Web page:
Podcasts & RSS Feeds
Most Active Stories
- This ballot proposal is critical to Michigan's economy, but most people won't bother to vote on it
- What explains Michigan's large Arab American community?
- Don't like the water shut-offs in Detroit? Now you can pay someone's overdue water bill
- Some think their immigrant ancestors were the last that should be allowed in the U.S.
- Michigan Republican Party's tactics remind me of Watergate, because both were unnecessary
Fri April 6, 2012
Reviving a family tradition
Many of us have family traditions that are linked to our ethic or cultural roots.
Earlier this year we asked listeners to share a special family tradition or family recipe. We got recipes from listeners that tie back to their ethic roots, some from Trinidad, Holland and Poland.
And, there was also a little contest. Our winners were sisters Dianne Johns and Holly Godbey. They revived their Lebanese family tradition of baking Easter cookies.
"You start with 5 pounds of flour, 3 sticks of butter, 3 cups of sugar, 4 cups of whole milk, and then the anise, salt and ground cherry pits…oh and yeast of course."
You can see the full recipe here.
Dianne lives next door to her sister Holly in Lansing. Every year around Easter the sisters get together with family and friends and spend the whole day making cookies.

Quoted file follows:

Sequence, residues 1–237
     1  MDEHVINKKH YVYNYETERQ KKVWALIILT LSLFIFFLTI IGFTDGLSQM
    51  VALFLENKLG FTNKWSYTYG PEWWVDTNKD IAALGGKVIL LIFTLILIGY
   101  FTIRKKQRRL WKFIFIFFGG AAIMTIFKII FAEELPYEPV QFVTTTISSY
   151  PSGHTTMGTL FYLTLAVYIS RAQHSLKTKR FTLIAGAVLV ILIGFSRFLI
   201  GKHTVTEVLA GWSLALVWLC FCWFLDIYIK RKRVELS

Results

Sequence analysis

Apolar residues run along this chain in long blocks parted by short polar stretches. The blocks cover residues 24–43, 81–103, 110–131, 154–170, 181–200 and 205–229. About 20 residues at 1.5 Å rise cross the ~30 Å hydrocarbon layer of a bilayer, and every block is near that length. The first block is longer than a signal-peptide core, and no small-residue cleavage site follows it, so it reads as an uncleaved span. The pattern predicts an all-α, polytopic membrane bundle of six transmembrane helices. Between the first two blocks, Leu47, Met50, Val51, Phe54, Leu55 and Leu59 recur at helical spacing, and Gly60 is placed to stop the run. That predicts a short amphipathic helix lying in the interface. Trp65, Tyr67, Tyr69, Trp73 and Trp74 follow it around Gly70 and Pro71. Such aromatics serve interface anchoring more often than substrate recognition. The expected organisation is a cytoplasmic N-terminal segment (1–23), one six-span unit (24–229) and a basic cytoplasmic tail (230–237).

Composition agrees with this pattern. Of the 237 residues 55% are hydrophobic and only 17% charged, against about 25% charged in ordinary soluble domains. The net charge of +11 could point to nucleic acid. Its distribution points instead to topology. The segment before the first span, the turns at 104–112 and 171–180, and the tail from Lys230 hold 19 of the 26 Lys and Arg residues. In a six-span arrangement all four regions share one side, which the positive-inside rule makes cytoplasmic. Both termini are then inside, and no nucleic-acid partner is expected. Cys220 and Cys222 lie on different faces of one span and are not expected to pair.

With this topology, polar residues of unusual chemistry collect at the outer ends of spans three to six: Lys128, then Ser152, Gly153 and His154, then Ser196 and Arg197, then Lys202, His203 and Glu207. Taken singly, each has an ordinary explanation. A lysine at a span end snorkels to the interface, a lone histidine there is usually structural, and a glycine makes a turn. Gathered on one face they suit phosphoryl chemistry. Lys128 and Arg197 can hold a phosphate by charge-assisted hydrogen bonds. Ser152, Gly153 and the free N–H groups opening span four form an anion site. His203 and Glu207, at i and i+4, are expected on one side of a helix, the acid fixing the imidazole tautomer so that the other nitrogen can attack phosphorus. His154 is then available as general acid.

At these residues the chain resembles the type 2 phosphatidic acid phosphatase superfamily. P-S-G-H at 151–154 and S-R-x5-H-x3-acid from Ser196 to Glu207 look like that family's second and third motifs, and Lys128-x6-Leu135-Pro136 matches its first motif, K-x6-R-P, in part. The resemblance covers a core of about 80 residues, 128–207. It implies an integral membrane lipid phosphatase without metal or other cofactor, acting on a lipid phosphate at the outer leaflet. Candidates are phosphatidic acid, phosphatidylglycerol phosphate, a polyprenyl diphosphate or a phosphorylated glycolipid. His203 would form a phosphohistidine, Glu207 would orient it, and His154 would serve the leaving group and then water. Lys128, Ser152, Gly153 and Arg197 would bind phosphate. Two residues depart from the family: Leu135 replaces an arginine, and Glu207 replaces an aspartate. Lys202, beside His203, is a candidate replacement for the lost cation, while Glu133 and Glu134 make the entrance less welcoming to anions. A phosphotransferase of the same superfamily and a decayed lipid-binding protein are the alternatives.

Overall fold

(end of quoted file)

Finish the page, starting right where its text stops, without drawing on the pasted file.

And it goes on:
Holly says in Lebanon they’re called, "Kaik, k-a-i-k. And everybody laughs their heads off at that because it sounds so much like something else….but it’s hard to call them anything else but Kaik, we’ve done it our whole lives." Laughing Dianne adds, "If you say I had coffee and Kaik for breakfast this morning, people are going to look."
In the family room there are eight people are sitting around a large round table, mixing, rolling, stuffing, and poking the pastries.
14-year old Tiana and 8-year old Madison also like to help out. Tiana says her favorite part is making the designs of the cookies. Madison agrees, and she adds, " I kind of like dates the best in the middle. It's really good."
The cookies are golden brown and glossy, some are round, others are half-mooned and they are flat, about the size of a saucer. Dianne says the cookies didn't always look so good.
"Some people can make them and they are perfectly round, they look like they came out of a press. And we decided, well, if we are going to make them ourselves and if they’re not perfect we don’t care we’ll learn by doing it. The first year they were so funny looking…they looked like hamburgers…. But they’re getting really good looking," Holly says.
What is it about cooking together that makes this a special experience for you?
Dianne says, "I think it’s the group of people, we have fun because there is a lot of teasing going on and it’s just a good group of people and we laugh all day while making them."
What about bringing in the next generation into this process is that important to you? "We would very much like to see the tradition kept, says Dianne. Holly adds, "yeah, you know we want them to keep on doing it when we’re gone. We want them to do it."
Dianne says, "It’s fun to have something other than the American experience in your life. It’s nice to have some other traditions."
*This story was informed by the Public Insight Network. Share your story here.
Your Family Story